Chakrabarti fires warning shot over delegation of routine judicial tasks


Chakrabarti: Risk to nature of justice system

The shadow Attorney General has outlined concerns about legislation that will allow judges to delegate ‘box work’ to court staff.

Baroness Chakrabarti said that “without limits on who can be authorised and what powers can be given to authorised persons, this delegation has the potential, as currently drafted, to change the essential nature of our justice system”.

Speaking during the second reading of the Courts and Tribunals (Judiciary and Functions of Staff) Bill in the House of Lords, the former barrister said it should be Parliament – by way of secondary legislation – that approves the limits of delegation, rather than the various rules committees, as proposed by the Ministry of Justice (MoJ).

The bill is a very short piece of legislation that will allow delegation and also the flexible deployment of judges across jurisdictions.

Announcing the bill last month, the MoJ said it expected authorised staff to carry out “some of the more straightforward judicial functions, which includes tasks like issuing a summons, taking a plea, extending time for service of applications, or considering applications for variations of directions made in private or public law cases”.

Baroness Chakrabarti said Labour would push for “a number of safeguards in the bill, the first of which is limits to the delegation of these judicial powers to non-judicial personnel”.

She continued: “The MoJ’s own factsheet on delegation to staff says that delegated decisions are unlikely to involve contested matters; why should that not appear in the bill itself? Most case management decisions are vital judicial functions and, therefore, should not necessarily be delegated.

“Decisions that impact on the fairness of the process itself are, and must remain, the remit of judges and involve carefully weighing submissions by parties.

“In addition to concerns around transparency, there is a danger that efficiencies gained by delegating case management decisions will be lost if the court has to reconsider many of these decisions at a later stage in the process. There ought, again, to be minimum qualifications for these authorised staff in the bill.”

The former Lord Chief Justice, Lord Thomas, welcomed the bill. “It is essential to modernise the court system,” he said. “It is very important that, wherever possible, savings can be made to make sure that every bit of the system is proportionate and affordable.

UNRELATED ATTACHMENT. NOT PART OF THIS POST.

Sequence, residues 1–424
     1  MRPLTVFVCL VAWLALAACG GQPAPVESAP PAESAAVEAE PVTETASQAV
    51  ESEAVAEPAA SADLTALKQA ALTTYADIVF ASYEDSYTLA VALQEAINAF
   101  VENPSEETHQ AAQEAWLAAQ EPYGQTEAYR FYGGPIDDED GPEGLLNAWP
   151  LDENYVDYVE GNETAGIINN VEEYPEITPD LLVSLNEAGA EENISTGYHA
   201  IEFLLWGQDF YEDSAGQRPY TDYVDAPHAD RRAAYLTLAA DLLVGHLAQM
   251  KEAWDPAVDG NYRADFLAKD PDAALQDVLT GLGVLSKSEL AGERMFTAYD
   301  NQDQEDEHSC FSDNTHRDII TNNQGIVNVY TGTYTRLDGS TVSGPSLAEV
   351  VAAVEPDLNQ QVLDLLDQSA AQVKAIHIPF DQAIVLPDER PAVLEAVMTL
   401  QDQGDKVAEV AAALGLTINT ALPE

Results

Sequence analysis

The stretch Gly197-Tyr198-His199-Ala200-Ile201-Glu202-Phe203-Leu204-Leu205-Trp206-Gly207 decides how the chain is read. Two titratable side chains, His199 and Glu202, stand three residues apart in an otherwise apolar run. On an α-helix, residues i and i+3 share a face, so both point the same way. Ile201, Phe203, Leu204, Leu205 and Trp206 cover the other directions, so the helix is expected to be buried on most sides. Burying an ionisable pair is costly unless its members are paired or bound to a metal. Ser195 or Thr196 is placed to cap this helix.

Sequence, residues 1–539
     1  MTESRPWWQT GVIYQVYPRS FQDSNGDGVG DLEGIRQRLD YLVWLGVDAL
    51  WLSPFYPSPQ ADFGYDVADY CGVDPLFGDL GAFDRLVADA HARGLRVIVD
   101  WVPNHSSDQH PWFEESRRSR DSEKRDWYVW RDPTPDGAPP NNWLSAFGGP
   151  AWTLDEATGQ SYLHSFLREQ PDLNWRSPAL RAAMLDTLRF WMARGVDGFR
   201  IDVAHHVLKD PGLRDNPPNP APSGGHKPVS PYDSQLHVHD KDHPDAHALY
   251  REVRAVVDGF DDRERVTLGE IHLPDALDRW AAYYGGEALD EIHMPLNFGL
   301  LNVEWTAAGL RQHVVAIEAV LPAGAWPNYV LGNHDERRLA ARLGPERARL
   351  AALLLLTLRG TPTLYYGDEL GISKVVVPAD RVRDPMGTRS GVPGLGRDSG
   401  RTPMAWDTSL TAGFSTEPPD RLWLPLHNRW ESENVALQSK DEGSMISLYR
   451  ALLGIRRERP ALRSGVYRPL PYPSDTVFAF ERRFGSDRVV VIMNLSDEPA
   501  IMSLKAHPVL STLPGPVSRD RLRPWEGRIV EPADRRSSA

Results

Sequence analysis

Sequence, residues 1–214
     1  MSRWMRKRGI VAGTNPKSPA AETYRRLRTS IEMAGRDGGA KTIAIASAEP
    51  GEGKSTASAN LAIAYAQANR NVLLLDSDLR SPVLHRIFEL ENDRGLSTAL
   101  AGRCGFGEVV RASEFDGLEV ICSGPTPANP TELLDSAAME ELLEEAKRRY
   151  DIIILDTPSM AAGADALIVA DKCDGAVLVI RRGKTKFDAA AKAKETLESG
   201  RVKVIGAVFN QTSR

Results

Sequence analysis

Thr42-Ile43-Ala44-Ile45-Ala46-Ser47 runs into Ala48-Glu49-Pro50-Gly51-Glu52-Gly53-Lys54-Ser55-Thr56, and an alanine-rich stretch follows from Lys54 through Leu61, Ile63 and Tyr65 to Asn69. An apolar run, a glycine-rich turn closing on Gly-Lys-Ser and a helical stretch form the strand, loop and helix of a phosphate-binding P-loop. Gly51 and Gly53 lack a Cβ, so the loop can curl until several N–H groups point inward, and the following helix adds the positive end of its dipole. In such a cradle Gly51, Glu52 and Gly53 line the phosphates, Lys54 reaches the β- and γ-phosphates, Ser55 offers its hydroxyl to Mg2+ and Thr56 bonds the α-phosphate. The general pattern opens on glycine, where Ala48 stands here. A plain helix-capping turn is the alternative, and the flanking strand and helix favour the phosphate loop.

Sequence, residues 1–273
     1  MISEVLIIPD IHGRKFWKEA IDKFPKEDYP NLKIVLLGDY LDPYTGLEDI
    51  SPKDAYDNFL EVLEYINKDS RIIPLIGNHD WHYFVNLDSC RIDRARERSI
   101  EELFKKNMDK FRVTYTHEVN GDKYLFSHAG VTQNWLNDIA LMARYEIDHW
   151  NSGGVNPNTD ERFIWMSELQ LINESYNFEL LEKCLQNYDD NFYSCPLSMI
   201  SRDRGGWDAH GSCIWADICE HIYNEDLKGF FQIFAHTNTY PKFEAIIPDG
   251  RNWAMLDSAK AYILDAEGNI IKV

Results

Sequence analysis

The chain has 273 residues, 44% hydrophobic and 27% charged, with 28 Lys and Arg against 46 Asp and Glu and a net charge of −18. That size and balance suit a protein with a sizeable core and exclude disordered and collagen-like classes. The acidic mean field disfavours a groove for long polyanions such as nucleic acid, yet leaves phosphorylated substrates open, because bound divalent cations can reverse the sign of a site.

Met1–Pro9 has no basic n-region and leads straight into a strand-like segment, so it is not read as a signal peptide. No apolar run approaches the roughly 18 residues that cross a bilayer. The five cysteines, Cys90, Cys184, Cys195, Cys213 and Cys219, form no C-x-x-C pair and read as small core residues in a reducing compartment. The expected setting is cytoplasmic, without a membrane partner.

“The bill reckons to save some £6m. Bearing in mind the huge analysis to which all these figures have been subjected by accountants, consultants and Her Majesty’s Treasury, I suspect that this is a realistic figure. That is not an insubstantial sum in the light of the current expenditure on justice.”

He stressed “the degree of control inherent in the bill by the use of the rule committee”, and cautioned against putting restrictions on delegations in the bill.

“For example, would we impose a restriction such as, ‘If the matter is opposed, it cannot be dealt with through delegation’?

“A simple example shows how careful one has to be. If, for example, someone wants an extension of 14 days and someone else says, ‘No, you can only have seven’, that is an opposed proceeding.

“Do we really want to put restrictions into this bill? Experience has shown that detailed restrictions on procedure are a very real fetter on the administration of justice.”

In his opening remarks, the MoJ’s spokesman in the House of Lords, Lord Keen, argued that the “judicially led” rules committees were “the right bodies to take these decisions, and this will ensure that the powers are properly scrutinised by judges, practitioners and other interested parties”.

He added: “All this is subject to a robust framework of authorisation that affords the court and tribunal staff who exercise these functions the right protections and safeguards.

“Most significantly, the bill makes such staff independent of the Lord Chancellor but accountable to the judiciary. Courts and tribunal staff will be able to exercise judicial functions only once authorised to do so by the Lord Chief Justice or his nominee, or the Senior President of Tribunals or his delegate.

“The judiciary will grant such authorisation only when satisfied that the relevant staff have the necessary competence and experience to exercise these functions.”




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